Florida's Capitol building in Tallahassee
Legislative leaders are monitoring the spike in coronavirus cases across Florida but haven’t made plans to reimpose restrictions on public access that were used during the 2021 session.
With the 2022 legislative session starting Jan. 11, people will be allowed to roam most of the Capitol complex and address lawmakers in person.
“In light of the pandemic, the Florida House last session made significant improvements to facilities, including adding hospital-grade HEPA (high efficiency particulate air) filters for better air quality, ample hand sanitizing stations and more,” House spokeswoman Jenna Sarkissian said in an email. “These improvements remain in place as the 2022 legislative session approaches and members prepare to do the people’s business.”
During the 2021 session, the Senate sharply restricted public access to try to prevent spread of COVID-19. For example, people who wanted to speak before Senate committees had to go to the Donald L. Tucker Civic Center, a few blocks west of the Capitol at Florida State University, and appear through a livestream feed.
In the House, lobbyists and other visitors were required to register online at least three hours before committee meetings, show identification and pick up passes to gain access to meeting rooms.
Katie Betta, a spokeswoman for Senate President Wilton Simpson, said in an email Monday that Simpson “continues to monitor the status of the pandemic,” but the Senate has not put in place plans to resume the 2021 restrictions.
On Dec. 20, Simpson, R-Trilby, advised members that the Senate will be open to visitors throughout the upcoming 60-day session. A memo from Simpson also said senators could request social distancing and masking within their individual offices.
“We should all be respectful and honor such requests,” added Simpson, who in October issued a rebuke to Florida Surgeon General Joseph Ladapo for declining to wear a mask while in the office of Sen. Tina Polsky, D-Boca Raton.
Polsky was being treated for breast cancer. Ladapo defended his action by saying he cannot communicate clearly “when half of my face is covered.”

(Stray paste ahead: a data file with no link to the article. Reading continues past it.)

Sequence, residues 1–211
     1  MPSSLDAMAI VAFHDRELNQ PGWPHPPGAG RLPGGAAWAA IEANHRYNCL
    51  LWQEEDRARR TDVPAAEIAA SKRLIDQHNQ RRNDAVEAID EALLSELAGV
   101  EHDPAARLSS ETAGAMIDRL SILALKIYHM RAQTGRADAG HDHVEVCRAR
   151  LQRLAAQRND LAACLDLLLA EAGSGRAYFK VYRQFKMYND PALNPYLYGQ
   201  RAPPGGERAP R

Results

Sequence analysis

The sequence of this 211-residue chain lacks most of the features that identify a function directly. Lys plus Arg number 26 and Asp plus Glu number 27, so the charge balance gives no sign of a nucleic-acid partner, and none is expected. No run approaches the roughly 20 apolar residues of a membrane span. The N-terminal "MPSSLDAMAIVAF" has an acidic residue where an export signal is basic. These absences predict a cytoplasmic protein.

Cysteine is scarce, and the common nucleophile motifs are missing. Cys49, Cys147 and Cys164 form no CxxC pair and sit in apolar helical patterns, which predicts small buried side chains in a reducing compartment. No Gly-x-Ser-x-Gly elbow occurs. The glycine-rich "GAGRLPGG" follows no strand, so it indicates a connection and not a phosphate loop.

Beside the option of senators requiring masks and social distancing in their offices, Simpson said the Senate will continue to conduct frequent cleanings of common areas and restrooms and provide wipes, sanitizer and other products for use in between routine cleanings of office spaces. Also, hand sanitizing stations remain in place in common areas and HEPA filters will be used in committee rooms, the Senate chamber and the press gallery.
“We now have a better understanding of how our own personal health impacts others in the workplace,” Simpson wrote. “Everyone is encouraged to monitor their health daily and to stay at home when sick.”
The Senate will make testing available to elected officials and their staff, Simpson’s memo said.
The Senate and House will hold a joint session Jan. 11 in the House chamber to hear Gov. Ron DeSantis’ State of the State address, the traditional kickoff for the session. Simpson will host a luncheon for senators and their families in the Old Capitol’s Senate chamber after the joint session.
The session will open against the backdrop of a spike in COVID-19 cases, as the highly contagious omicron variant of the coronavirus has spread across the state. It also will come two months after lawmakers held a special session that included taking steps to prevent vaccination and mask mandates — a key issue for DeSantis.
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